Protests outside Sen. Marco Rubio’s offices in Tampa haven’t succeeded in getting the Florida Republican to hold a town hall meeting with constituents. But they did have one unintended consequence: The staff have been kicked out of their offices by the landlord.
According to a report from the Tampa Bay Times, Rubio’s office was notified on Feb. 1 that its month-to-month lease tenancy would be terminated over the continued demonstrations outside the nine-story Bridgeport Center.
Since President Trump’s inauguration, Rubio has declined to hold a town hall, leading to demonstrations and videos of him dodging questions in airports. Constituents in Tampa held an event without the two-term senator last week, bringing along a cardboard cutout of Rubio. Demonstrators said they planned to gather in front of the Tampa office every Tuesday for the first 100 days of the Trump presidency.
“A professional office building is not a place for that,” said Jude Williams, president of America’s Capital Partners, which owns the property Rubio’s office was renting. “I understand their cause, but at the end of the day, it was a security concern for us.”
“It’s not political. It’s for no other reason than good office management. Our duty is to keep a good, peaceful office building environment for our tenants, and that’s not what they bargained for.”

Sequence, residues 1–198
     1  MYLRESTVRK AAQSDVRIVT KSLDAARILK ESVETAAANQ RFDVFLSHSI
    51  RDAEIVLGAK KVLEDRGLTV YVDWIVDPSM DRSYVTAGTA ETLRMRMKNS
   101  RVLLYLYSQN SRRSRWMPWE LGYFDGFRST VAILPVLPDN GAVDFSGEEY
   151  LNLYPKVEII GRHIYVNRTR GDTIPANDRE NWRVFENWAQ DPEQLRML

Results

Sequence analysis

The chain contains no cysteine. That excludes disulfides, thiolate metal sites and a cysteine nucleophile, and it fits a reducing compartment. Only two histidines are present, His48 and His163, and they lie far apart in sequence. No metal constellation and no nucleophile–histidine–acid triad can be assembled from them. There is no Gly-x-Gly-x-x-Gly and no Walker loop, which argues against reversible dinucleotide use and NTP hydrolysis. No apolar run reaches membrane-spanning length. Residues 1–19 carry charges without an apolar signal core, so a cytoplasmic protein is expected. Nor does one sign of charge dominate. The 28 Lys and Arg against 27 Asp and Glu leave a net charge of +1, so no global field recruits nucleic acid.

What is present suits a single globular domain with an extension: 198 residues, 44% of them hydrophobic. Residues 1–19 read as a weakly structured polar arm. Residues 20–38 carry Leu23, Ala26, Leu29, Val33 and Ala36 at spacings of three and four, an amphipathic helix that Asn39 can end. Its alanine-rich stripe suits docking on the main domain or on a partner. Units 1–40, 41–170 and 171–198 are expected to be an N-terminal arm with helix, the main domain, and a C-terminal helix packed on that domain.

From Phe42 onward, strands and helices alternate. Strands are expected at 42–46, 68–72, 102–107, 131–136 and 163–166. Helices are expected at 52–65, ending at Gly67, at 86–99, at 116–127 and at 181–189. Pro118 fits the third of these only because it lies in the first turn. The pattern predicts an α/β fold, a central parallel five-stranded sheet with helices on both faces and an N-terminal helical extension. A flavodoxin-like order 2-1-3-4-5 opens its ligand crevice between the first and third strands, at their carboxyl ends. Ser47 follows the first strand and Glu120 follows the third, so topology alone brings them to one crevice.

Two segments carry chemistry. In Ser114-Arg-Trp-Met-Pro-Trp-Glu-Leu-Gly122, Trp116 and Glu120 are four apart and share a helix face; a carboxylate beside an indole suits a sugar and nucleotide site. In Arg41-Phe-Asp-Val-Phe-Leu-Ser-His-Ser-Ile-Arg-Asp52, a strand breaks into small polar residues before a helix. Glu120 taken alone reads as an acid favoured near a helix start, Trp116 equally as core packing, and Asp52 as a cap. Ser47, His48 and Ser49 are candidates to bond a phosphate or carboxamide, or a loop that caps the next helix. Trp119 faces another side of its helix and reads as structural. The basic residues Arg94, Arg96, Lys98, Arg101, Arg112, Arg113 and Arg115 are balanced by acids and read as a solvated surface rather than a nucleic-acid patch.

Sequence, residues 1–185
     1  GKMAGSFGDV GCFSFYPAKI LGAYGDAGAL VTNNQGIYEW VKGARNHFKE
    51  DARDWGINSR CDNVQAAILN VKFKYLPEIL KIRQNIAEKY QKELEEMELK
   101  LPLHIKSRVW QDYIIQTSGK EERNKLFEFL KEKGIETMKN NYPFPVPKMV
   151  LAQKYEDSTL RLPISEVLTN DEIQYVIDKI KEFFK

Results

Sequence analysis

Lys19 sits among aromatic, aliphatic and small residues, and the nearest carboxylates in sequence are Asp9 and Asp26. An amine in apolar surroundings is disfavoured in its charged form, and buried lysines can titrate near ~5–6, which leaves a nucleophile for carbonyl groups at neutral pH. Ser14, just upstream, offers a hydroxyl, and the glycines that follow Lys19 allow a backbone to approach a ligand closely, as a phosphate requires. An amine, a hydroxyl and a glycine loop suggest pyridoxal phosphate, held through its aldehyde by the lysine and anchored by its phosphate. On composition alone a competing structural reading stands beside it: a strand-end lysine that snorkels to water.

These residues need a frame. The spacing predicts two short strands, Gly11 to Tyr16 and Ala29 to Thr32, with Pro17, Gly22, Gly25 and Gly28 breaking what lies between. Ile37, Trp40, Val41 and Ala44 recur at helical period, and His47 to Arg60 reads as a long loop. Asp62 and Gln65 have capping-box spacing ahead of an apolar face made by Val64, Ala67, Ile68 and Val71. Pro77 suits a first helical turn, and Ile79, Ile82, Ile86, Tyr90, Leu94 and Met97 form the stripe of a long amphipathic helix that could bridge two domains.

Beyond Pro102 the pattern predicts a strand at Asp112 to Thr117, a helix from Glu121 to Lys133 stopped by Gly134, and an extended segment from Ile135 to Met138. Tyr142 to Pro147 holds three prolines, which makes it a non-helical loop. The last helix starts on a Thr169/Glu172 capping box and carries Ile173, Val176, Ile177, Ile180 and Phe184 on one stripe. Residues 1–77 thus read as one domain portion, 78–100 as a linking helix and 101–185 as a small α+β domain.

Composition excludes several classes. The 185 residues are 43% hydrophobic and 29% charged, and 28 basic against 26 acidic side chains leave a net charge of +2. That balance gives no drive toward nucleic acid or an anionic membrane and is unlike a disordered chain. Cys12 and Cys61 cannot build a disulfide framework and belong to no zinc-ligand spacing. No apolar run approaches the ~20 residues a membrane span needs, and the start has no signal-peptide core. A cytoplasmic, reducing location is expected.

In an interview with CBS4 in Miami, Rubio said he didn’t want to attend the town halls because demonstrators wanted to “heckle and scream at me in front of cameras.”
“They are not town halls anymore,” said Rubio. “What these groups really want is for me to schedule a public forum, they then organize three, four, five, six hundred liberal activists in the two counties or wherever I am in the state.”
In 2009, Rubio had a different take on the tea party rallies that have been viewed by some as the model for the current wave of activism spearheaded by the organization Indivisible.
“Memo to establishment (in both parties),” the then-Senate candidate tweeted, “the angry folks at health care townhalls are REAL & their views are shared by a growing majority.”
According to the senator’s office, they’re looking for a new home in the Tampa area. Rubio still has six other Florida offices, with locations in Orlando, Miami, Jacksonville, Pensacola, Tallahassee and Palm Beach.
“We are actively looking for new office space, and our goal is to remain accessible and continue providing prompt and efficient service to all Floridians,” Rubio spokeswoman Christina Mandreucci told the Times Tuesday. “Until we find a permanent new home in the Tampa Bay area, we will have a representative from our Tampa Bay office available to assist constituents on a daily basis and reachable at 1-866-630-7106.”
Michelle Broache, co-founder of the Tampa chapter of Indivisible, said getting the senate office booted wasn’t part of the plan.
“Our intention is to make sure the senator hears our voices and acknowledges the concerns of his constituents,” said Broache in an interview with the Times. “Unfortunately, we’ve requested town halls and he’s indicated he’s unwilling to do that at this point, so that’s why we’ve been present.”
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